What Causes Condensation
Under the right conditions, condensation can occur both inside and outside your home. The source of condensation, or “sweating” on windows and mirrors inside a home is caused by humidity, or invisible water vapor, present in virtually all air. When this water vapor comes in contact with a surface, which is at a temperature below what is called the “dew point”, the vapor turns to visible droplets of liquid, or condenses on the cooler surface. This often happens to bathroom mirrors and walls after someone has taken a hot shower. Condensation can also occur on windows during the winter if the inside humidity level is high enough.
When it comes to condensation outside your home, it is simply a fact of nature. Exposed to certain conditions, like a clear night sky, still air or high relative humidity, the exterior surface of the glass can radiate heat away from your home and into the night air – allowing the glass temperature to fall below the dew point of the ambient air and create condensation. Only when the glass temperature rises above the dew point will the condensation evaporate back into the air. Common examples of this is when dew forms on grass, car hoods and roofs.
We tend to notice condensation only on windows, mirrors, etc., because the glass does not absorb the excess moisture and is simply more visible there. A little condensation, or “fogging” now and then is to be expected and cause no problems. Of more concern, however, is the less visible condensation that can penetrate and collect in walls and ceilings. Excessive condensation can cause damage.
When you see consistent condensation on glass surfaces, take it as a warning that you may have an excessive humidity level in your home.
Balancing Humidity for Comfort and Condensation Prevention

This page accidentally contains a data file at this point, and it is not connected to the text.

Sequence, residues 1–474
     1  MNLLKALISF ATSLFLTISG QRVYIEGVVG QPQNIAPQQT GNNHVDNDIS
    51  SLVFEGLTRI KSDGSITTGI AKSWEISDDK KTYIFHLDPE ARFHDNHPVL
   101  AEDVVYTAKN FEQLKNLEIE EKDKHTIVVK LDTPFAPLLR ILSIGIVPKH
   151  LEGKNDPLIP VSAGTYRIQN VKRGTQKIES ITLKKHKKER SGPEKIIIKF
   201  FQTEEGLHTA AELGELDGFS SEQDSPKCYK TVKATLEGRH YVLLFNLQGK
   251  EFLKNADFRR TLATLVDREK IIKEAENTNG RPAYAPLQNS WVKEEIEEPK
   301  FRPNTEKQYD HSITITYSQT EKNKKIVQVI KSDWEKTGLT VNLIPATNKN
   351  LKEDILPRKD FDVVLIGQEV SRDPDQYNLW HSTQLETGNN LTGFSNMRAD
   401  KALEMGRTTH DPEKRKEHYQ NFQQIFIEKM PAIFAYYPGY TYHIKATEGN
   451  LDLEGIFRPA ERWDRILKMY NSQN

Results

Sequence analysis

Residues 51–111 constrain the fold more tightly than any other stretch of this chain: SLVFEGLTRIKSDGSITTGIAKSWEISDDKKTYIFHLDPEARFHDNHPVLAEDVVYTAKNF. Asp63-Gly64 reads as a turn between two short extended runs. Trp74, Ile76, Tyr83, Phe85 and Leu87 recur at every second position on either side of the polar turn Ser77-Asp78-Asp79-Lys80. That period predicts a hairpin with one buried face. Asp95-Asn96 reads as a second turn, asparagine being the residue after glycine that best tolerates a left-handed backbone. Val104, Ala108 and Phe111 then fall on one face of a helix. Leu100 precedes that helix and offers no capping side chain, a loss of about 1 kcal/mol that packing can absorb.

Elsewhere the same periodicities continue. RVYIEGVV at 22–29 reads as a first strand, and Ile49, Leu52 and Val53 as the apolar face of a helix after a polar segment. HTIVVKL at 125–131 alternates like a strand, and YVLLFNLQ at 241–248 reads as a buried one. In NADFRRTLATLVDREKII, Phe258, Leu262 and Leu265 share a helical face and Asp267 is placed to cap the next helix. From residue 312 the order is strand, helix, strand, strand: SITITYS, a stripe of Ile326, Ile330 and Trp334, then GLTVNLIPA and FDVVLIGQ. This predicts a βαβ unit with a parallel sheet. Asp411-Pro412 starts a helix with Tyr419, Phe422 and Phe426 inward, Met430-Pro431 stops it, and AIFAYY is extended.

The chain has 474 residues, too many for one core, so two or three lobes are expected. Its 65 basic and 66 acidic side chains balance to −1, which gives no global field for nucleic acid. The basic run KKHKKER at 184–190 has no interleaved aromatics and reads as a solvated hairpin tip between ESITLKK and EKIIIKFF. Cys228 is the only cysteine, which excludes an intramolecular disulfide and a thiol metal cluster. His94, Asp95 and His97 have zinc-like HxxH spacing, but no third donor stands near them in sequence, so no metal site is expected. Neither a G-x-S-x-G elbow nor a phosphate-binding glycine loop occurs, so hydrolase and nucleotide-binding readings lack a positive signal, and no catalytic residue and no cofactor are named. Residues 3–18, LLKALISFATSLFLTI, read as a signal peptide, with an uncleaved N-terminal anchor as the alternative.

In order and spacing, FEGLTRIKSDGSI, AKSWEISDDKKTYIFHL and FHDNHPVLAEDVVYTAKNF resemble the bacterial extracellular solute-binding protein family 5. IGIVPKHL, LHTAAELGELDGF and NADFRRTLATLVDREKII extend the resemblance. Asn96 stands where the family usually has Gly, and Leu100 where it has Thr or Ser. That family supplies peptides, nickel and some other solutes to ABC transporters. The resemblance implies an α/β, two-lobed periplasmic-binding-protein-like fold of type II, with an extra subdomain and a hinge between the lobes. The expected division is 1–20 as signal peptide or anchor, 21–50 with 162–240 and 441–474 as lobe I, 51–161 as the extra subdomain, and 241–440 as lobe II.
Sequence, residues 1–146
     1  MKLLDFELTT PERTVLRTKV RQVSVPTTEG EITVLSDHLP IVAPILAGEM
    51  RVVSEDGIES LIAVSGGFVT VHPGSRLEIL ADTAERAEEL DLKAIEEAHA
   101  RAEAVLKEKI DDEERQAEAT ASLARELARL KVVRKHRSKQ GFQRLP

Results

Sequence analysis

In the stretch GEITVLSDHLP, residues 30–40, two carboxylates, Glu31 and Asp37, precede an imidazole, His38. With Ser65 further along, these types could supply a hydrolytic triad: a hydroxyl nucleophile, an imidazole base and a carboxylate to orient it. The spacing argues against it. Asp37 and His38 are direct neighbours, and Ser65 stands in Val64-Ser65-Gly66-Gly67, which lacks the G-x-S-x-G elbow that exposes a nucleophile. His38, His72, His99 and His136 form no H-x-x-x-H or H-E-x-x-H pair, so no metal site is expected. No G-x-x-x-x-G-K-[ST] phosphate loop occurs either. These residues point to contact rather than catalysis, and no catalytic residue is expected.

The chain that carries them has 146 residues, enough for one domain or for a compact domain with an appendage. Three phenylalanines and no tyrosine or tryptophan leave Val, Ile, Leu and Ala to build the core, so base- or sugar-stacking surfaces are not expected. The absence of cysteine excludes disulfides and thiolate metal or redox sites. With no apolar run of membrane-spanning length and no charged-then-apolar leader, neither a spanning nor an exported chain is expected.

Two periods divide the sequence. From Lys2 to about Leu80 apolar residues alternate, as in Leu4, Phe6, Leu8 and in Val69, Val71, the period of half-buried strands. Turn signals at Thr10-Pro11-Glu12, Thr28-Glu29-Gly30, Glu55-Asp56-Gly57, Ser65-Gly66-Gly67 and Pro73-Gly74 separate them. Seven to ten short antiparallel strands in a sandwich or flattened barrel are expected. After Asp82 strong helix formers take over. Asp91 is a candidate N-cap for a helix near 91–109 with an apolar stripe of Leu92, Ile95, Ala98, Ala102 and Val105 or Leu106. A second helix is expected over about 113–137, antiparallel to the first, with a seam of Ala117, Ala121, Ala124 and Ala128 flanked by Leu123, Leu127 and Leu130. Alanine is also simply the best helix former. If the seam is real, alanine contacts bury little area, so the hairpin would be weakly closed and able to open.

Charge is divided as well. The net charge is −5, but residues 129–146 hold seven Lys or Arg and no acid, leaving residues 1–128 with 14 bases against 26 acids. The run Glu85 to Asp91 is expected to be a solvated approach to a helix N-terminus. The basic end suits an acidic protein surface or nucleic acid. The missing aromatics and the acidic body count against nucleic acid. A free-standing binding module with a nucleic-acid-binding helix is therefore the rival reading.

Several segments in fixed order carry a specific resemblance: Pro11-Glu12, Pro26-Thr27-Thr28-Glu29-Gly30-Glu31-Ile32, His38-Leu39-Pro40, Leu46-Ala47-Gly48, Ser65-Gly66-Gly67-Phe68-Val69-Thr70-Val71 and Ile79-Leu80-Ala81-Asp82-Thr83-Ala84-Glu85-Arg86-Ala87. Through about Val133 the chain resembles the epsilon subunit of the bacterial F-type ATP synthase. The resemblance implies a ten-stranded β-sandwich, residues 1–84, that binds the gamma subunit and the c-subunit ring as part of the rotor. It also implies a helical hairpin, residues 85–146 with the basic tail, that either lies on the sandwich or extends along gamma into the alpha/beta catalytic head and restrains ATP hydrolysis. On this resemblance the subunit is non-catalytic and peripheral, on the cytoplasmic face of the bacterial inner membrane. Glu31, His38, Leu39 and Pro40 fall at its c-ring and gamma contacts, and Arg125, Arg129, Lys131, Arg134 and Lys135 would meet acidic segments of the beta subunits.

Controlling the amount of moisture in the air, or humidity, is the most effective way to reduce condensation. The amount of moisture in the air is indicated by the “relative humidity” of the air. Relative humidity is the percentage of moisture in the air compared to the maximum amount it can hold. For instance, when it is raining or very foggy outside, the outdoor relative humidity would be 100%. Temperature also effects how much moisture air can hold. At 100% relative humidity, air at 60 degrees will hold three times as much water vapor as air at 30 degrees Fahrenheit. As temperatures drop during the winter, the air cannot hold as much moisture as before and condensation will occur unless the relative humidity level is lowered.
The following chart illustrates the maximum recommended levels of moisture in interior air for different outside temperatures. You can check the relative humidity levels in your home using a hygrometer, an electronic humidity gage or a sling psychrometer. Follow instructions carefully, because a reading in the middle of a room will yield a different result than a reading taken near windows. Once you’ve determined the humidity level in your home you can take appropriate actions.
Maximum Recommended Humidity Levels
Based on engineering studies conducted at The University of Minnesota Laboratories
- Based on engineering studies at 70°F conducted at The University of Minnesota Laboratories
- Relative humidity levels above these are not recommended at the low outside temperatures indicated, unless special provisions are taken in building construction.
- If higher relative humidity levels are required because of special interior environmental conditions, the window manufacturer should be consulted.